Could the key to Boston's season be as simple as playing...less?

There is a tired old stand-up joke that goes, "A man went to the doctor, and said 'Doc, my back hurts when I do this!'; the doctor said, 'Don't do that, then'".

Oddly enough, this 'strategy', if you can call it that, might just be the solution for the Boston Celtics' in-game woes.

Struggling to get everyone enough shots and burn to develop a chemistry able to win, the solution might just be as simple as giving guys the night off on a rotating schedule, with injuries and stress dictating the order.

While not playing some of your best players as a way to get better sounds counterintuitive, given the fact that Boston has so many high-usage players struggling to mesh coherently, why not use the regular season to experiment more with lineup changes while letting older and rehabbing guys take time off to stay fresh for the postseason?

In fact, this may already be happening, with Al Horford taking tonight off along with Jaylen Brown, who is rehabbing a bruised posterior.

This may have been happening as far back as last season for key players like Al, though the number of injuries made much of such an approach mostly involuntary.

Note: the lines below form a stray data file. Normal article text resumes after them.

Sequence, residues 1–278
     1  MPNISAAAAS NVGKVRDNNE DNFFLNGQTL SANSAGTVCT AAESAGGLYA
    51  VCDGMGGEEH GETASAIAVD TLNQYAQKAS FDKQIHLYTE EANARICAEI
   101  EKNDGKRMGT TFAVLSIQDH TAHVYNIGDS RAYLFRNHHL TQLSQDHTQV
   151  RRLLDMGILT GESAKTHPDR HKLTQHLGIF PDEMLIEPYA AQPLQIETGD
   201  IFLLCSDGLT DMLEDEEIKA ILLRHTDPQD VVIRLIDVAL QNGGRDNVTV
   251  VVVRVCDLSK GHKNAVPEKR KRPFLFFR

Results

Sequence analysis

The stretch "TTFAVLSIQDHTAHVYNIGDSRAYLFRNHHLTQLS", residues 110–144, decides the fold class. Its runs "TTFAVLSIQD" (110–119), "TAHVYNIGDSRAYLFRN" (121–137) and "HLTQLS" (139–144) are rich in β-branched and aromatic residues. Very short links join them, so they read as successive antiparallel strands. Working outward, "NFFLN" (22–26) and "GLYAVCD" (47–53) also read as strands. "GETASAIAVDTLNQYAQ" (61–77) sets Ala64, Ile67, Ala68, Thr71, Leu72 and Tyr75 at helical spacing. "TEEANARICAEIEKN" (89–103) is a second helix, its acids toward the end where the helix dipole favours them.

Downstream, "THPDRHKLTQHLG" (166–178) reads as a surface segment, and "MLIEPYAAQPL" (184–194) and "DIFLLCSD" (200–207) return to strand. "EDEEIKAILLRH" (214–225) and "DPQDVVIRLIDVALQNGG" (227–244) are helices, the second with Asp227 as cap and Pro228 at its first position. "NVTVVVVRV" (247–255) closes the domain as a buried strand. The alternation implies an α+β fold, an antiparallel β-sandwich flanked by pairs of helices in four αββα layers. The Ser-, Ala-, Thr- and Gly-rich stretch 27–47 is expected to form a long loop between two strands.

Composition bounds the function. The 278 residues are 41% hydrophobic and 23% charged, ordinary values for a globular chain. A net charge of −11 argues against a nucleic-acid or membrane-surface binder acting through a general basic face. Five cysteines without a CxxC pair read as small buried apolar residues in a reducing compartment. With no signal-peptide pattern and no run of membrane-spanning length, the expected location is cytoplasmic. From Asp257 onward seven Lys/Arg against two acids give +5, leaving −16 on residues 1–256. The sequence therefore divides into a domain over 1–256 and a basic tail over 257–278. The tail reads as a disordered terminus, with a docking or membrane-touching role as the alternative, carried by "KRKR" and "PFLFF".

We've seen results from the Marci (Marcus Smart and Morris) being injected into the starting lineup, while Jaylen and Gordon Hayward are on the mend (and looking to re-establish their game), they should remain on the bench. This is not and should not be taken as an aspersion; neither have been fully right this season, and the fit makes more sense from both a strategic and developmental perspective.

Self-care is crucial to team success; an empty glass cannot pour anything forth, so rest should be a priority, and when it can also help to chisel out roles on the team better suited to winning than ego gratification or paycheck hunting, it becomes even more attractive. While I recognize the pressure has not made the situation any easier, winning solves a lot of the individual concerns players on this team may have, and oddly enough, the best way to play better may just be... play less.

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Image: Layne Murdoch, Jr. /NBAE;
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